Ferry sinks off Cameroon coast, 127 dead
The boat was bound for the central African nation of Gabon from a town in Nigeria near the Cameroonian border.Updated: Mar 24, 2006 02:23 IST
Fishermen deputized as rescue workers searched the seas off of Cameroon on Thursday, but officials feared 127 people missing were dead after the sinking of a ferry.
Gregoire Mvombo, a top official in the region, cited survivors, of whom there were 23, as saying 150 people from Nigeria, Burkina Faso and Ivory Coats were aboard.
It was unclear what caused the accident or even when it may have occurred. Mvombo had no more details.
The boat was bound for the central African nation of Gabon from a town in Nigeria near the Cameroonian border.
First word of the accident came when fishermen found bodies floating onWednesday in Cameroonian waters off the port town of Kribi, Mvombo said.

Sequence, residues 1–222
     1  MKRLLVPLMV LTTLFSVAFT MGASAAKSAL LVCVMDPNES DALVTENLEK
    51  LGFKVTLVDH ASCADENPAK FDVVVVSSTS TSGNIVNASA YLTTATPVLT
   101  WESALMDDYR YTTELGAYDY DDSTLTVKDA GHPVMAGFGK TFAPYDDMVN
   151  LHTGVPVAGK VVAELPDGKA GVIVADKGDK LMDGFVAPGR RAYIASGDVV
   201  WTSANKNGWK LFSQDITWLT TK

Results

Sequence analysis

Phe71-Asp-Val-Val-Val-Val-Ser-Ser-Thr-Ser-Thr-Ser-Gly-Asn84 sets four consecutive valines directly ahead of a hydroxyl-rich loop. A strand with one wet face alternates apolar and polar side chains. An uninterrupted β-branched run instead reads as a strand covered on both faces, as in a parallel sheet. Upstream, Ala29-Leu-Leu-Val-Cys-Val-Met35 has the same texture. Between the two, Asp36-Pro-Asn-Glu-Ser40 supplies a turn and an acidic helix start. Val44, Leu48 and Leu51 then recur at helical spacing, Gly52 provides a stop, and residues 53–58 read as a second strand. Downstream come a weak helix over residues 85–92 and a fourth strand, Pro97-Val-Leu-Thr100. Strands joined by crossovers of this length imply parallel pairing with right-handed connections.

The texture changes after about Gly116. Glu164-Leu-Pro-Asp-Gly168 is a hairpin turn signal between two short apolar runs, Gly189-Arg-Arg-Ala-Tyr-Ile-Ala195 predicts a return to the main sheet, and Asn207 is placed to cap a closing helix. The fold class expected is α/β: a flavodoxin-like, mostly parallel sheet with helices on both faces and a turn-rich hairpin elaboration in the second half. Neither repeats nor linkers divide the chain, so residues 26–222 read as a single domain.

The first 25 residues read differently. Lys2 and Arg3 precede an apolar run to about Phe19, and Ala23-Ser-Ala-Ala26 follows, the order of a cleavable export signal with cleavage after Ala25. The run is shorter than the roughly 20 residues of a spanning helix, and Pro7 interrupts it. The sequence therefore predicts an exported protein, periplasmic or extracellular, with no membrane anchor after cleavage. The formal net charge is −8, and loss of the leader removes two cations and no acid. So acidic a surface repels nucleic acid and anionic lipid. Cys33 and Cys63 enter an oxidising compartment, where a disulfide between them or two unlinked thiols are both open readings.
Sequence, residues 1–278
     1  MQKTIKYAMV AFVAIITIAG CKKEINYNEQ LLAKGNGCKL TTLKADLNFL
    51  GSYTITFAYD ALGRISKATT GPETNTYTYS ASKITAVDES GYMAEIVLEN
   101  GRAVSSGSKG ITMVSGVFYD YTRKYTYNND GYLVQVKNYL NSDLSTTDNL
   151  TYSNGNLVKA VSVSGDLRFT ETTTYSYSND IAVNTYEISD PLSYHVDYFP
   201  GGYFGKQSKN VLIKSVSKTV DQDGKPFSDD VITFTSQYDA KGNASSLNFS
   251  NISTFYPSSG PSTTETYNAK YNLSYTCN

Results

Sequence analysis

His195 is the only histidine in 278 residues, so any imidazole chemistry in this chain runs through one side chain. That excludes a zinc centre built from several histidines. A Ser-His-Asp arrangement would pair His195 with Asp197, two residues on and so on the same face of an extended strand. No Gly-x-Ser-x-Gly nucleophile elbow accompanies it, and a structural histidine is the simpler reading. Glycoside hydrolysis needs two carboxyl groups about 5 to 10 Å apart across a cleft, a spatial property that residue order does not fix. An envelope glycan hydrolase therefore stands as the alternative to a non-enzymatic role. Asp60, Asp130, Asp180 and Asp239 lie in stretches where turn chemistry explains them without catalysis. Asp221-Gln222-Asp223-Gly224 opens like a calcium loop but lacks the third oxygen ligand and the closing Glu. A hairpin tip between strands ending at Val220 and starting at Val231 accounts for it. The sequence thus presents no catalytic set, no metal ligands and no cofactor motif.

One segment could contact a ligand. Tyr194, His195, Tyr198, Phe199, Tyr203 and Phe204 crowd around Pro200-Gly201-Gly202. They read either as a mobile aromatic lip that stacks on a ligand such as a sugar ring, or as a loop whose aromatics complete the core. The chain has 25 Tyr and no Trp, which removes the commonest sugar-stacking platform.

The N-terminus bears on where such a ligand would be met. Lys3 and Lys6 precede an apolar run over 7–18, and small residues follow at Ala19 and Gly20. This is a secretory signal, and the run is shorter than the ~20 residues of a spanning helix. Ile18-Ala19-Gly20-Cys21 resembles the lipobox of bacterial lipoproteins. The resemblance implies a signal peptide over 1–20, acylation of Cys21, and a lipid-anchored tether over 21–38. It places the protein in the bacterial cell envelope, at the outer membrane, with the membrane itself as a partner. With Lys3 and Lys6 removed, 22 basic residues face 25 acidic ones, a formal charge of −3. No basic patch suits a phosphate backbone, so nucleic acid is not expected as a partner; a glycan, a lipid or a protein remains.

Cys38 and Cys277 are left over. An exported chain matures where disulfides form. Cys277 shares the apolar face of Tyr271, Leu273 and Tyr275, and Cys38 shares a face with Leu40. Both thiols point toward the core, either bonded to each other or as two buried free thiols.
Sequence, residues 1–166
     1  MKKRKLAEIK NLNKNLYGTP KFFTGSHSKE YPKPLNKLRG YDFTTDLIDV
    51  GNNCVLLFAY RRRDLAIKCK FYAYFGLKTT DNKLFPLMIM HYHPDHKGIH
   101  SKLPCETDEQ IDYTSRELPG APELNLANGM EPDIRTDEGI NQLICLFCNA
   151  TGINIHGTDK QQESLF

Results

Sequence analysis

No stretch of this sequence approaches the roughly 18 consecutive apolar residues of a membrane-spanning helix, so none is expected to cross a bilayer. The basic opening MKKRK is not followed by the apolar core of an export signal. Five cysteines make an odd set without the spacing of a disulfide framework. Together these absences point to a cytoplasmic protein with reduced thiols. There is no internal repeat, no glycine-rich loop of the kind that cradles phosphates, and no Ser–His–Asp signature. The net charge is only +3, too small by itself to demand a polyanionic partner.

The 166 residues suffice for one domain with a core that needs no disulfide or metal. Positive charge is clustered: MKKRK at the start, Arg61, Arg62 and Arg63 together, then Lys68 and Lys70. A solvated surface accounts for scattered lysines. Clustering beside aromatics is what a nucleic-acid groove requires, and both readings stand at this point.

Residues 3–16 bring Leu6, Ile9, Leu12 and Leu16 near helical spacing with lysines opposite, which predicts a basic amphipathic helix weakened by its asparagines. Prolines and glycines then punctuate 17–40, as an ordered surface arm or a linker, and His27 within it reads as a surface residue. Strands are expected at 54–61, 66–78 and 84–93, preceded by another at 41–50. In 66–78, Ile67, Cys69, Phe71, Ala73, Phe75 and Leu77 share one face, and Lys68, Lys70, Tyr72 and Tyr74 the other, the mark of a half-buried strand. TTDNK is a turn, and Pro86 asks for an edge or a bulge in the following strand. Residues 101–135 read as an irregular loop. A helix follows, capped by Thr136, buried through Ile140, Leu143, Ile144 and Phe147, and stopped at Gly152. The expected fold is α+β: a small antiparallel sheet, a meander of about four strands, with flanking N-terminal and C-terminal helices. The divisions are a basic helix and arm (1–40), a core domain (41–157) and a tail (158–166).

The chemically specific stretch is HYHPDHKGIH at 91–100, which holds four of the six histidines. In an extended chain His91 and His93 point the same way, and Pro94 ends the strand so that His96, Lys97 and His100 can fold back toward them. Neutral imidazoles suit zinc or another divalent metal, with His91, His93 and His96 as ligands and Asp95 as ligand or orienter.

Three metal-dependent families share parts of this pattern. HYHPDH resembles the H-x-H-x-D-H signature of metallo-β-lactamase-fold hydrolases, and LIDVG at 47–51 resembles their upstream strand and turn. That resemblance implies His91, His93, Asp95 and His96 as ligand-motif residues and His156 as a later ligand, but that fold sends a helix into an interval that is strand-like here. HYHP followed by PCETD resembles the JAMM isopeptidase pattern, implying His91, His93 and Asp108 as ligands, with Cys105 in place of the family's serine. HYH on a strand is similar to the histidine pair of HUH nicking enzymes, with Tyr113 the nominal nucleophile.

He said rescue workers in the area had enlisted local fishermen in the search Thursday, but he said the 127 missing passengers were feared dead.
Many ferry-masters in Africa pack passengers aboard old or poorly maintained ships in a vast continent with poor road or rail systems. River or ocean routes are used to transport goods to market. Few ferries keep proper passenger manifests.
Some 1,863 died when the MS Joola capsized off the coast of Senegal on Sept. 26, 2002, a more deadly accident than the Titanic. Only about 60 people survived.
Deaths on the waters also have resulted from a recent upsurge in African migrants, most fleeing poverty and joblessness, trying to reach Europe by boat from Mauritania, a west African nation thousands of miles (kilometers) north of Cameroon.
More than 1,000 Africans have died over the past four months alone while trying to sail in small wooden boats from Mauritania to Spain's faraway Canary Islands, according to Mauritania's Red Crescent branch.
First Published: Mar 23, 2006 23:38 IST